It will be an exaggeration to say that Namibia has turned the tide against wildlife poaching.
The situation on the ground clearly suggests that there is no end in sight, and that the country is experiencing a catastrophic rhino and elephant poaching crisis. These illegal killings appear to be part of an international criminal syndicate, with rustlers quick to recruit willing poachers, with the ultimate aim of exporting our precious ivory and rhino horn to Eastern Asian markets.
At this rate it seems that the poachers are winning this battle as global efforts against rhino horn traffickers still fall short.
Wildlife trafficking is estimated to generate billions of dollars a year globally. Although the authorities have come up with a number of interventions, such as increasing patrols in areas deemed to be hotspots for poaching, there appears to be a disturbing trend that involves officials colluding with poachers. Bribery and corruption, combined with soft penalties for poachers, have created a perfect situation for organized crime to move in and one can tell from a number of incidents reported in the media.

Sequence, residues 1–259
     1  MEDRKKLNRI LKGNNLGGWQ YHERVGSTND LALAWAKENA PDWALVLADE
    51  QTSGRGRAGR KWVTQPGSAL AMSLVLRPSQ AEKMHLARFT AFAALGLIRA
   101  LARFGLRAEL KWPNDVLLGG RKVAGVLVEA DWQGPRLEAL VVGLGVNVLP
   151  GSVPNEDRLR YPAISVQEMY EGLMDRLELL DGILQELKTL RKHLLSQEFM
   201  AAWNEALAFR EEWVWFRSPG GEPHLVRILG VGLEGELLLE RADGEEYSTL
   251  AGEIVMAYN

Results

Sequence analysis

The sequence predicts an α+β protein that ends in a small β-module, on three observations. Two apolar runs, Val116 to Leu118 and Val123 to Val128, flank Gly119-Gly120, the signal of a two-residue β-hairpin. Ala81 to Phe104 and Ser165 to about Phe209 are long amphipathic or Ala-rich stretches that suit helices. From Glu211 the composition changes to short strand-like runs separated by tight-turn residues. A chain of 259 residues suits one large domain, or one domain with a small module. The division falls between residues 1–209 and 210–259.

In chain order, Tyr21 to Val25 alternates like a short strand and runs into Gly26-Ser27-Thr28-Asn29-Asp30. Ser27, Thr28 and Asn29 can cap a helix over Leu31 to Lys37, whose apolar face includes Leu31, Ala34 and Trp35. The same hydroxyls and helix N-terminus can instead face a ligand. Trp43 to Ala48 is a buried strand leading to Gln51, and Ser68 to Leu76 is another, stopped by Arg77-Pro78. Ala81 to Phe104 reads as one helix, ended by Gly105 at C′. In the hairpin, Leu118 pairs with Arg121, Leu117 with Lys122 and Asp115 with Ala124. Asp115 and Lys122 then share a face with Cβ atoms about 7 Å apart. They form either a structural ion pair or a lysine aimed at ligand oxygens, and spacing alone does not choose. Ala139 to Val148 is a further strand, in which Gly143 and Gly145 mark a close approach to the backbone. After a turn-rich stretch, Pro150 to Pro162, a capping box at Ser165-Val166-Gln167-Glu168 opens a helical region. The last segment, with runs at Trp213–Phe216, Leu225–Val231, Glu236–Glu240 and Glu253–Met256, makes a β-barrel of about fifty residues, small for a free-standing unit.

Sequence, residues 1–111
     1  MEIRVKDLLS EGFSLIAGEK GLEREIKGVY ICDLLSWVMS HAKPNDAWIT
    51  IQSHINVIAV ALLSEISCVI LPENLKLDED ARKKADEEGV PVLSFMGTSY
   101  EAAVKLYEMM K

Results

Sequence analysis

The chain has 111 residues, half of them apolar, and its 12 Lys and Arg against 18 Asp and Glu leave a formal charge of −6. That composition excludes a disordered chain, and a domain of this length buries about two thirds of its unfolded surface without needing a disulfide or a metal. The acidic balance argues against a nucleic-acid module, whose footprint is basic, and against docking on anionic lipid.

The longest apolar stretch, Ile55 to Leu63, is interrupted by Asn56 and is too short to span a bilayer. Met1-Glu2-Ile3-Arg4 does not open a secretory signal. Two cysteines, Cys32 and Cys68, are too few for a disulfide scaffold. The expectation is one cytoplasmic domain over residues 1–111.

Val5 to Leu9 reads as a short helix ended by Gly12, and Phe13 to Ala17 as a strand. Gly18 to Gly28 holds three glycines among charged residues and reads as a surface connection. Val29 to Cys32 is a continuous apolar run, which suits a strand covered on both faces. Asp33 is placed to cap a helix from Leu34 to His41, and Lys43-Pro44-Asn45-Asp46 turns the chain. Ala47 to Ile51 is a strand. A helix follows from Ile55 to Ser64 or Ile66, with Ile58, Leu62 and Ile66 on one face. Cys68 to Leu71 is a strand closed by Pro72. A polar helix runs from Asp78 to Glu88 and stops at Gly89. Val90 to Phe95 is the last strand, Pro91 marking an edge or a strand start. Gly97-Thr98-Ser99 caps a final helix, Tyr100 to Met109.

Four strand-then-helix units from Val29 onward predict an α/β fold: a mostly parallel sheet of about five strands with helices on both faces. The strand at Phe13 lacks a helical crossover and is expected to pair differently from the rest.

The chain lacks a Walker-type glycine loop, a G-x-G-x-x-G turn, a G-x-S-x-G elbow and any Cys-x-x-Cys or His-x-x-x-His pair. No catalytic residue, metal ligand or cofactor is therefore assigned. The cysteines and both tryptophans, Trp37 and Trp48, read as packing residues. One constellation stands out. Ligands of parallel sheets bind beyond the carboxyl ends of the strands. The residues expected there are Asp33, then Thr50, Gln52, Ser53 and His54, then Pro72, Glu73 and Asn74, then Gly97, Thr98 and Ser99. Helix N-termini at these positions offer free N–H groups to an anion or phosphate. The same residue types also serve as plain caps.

A number of African countries like Tanzania, Mozambique, South Africa, and Zambia have overwhelming evidence suggesting that sometimes rangers were colluding with poachers and that governments are complicit in the wholesale slaughter of the continent’s wildlife heritage. Namibia is not an exception as officials are being bribed by criminal poaching syndicates to turn a blind eye to these illegal killings. So there is little hope of success given the organized crime syndicate behind rhino horn trafficking.